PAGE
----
The concentration of the non-white voters in cities has allowed Republicans 
to maximize their strength among white voters by shaping congressional district 
maps to help them hold majorities in 32 statehouses and the U.S. House. Exit 
polls in 2016 showed Trump garnered more than 6 out of 10 white votes and 
two-thirds of whites without college degrees.

   "Trump exacerbated the cultural re-alignment of this country to a degree 
that we didn't think possible," said Tim Miller, an aide to 2016 GOP 
presidential candidate Jeb Bush, who promoted a path to citizenship for people 
in the country illegally.

   James Aldrete, a Democratic consultant in Texas, says "there is no joy" in 
watching Trump carry out family separations, which he called "a stupid failed 
tactic." But Aldrete said it can only exacerbate Republicans' problems among 

   "Does it hit us in the gut? Hell yes," Aldrete said.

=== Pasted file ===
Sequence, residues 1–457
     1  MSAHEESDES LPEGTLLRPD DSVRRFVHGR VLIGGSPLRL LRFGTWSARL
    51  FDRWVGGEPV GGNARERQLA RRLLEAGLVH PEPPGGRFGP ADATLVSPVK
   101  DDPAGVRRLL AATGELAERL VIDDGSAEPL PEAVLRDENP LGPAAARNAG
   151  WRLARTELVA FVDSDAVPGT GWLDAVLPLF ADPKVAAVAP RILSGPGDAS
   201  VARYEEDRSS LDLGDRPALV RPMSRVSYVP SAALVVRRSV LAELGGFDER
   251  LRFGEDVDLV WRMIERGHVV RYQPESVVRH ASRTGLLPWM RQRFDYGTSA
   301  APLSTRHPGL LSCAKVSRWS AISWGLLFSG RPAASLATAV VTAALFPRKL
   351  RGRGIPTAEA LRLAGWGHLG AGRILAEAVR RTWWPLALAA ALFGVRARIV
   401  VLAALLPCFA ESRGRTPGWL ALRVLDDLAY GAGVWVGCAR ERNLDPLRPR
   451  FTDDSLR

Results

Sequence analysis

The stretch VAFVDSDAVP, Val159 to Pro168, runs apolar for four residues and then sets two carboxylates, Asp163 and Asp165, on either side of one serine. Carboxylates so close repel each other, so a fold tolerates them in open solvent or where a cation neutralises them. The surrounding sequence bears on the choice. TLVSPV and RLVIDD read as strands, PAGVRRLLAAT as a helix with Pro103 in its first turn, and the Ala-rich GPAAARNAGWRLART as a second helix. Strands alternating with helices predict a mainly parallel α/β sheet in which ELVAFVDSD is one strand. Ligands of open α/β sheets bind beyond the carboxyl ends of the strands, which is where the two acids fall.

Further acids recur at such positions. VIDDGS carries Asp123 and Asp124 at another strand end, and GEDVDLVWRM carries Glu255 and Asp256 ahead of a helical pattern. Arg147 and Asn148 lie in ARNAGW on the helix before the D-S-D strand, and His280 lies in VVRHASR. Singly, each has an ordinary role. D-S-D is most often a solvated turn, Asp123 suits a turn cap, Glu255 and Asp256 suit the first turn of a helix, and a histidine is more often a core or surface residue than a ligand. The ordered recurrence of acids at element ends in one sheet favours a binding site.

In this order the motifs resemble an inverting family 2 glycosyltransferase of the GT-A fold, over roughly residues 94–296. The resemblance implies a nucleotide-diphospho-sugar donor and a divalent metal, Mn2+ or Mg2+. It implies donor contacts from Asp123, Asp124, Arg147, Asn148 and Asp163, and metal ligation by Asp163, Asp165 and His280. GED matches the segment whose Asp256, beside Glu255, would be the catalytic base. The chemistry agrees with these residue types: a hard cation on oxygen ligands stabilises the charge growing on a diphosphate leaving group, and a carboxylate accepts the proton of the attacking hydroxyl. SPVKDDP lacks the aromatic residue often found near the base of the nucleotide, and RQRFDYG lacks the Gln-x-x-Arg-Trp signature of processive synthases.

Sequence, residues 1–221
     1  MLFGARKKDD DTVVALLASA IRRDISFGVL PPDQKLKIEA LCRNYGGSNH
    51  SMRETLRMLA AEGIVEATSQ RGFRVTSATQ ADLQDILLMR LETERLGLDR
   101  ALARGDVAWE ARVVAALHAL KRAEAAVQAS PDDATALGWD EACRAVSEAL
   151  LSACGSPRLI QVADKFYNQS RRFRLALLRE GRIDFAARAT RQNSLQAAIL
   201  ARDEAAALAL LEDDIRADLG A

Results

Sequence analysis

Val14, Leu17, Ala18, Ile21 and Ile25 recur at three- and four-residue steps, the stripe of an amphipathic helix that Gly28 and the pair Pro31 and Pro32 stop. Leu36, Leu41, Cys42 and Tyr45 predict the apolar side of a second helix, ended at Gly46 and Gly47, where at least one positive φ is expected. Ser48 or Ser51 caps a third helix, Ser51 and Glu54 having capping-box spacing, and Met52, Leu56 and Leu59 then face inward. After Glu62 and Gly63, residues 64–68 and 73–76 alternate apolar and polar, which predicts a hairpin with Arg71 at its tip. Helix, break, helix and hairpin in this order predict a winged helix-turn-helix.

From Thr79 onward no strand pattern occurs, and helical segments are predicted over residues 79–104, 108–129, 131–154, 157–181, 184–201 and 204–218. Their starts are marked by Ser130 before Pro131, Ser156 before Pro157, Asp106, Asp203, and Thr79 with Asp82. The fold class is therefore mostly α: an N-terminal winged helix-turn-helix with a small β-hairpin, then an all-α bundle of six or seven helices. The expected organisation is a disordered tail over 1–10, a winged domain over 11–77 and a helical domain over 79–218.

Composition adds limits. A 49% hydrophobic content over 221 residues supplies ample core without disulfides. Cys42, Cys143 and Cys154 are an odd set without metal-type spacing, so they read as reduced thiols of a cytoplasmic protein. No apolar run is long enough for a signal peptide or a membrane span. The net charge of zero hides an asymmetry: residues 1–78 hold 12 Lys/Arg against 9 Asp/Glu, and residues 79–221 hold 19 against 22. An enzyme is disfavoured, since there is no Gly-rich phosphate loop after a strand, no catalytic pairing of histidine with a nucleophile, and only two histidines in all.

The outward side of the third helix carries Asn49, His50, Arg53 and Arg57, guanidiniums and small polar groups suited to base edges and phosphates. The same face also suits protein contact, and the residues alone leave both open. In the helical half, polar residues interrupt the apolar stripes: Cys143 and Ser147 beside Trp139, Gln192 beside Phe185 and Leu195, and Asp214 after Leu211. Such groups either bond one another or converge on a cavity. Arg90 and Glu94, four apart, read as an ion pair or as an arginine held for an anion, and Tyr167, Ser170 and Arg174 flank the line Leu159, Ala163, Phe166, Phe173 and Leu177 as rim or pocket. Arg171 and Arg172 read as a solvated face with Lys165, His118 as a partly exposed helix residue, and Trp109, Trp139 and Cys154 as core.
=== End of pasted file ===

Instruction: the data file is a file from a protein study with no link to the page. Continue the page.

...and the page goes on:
Colorado, a perennial political battleground, demonstrates the challenge for 
the GOP. Republicans competing to win the gubernatorial nomination in Tuesday's 
primary have united in attacking so-called sanctuary cities. As the border 
turmoil unfolded, the front-runner in the race, Walker Stapelton, aired a 
television ad declaring, "I stand with Trump" on immigration.

   While such tactics may appeal to the GOP base in a primary, some Republicans 
said the moves are unhelpful in a state where the Hispanic population has grown 
almost 40 percent since 2000. Former Colorado Republican Party Chairman Dick 
Wadhams said candidates should be addressing the economy and education __ 
issues that attract wide swaths of voters.

   Messages such as Stapelton's, Wadhams said, "make things very complicated 
for Republicans in Colorado."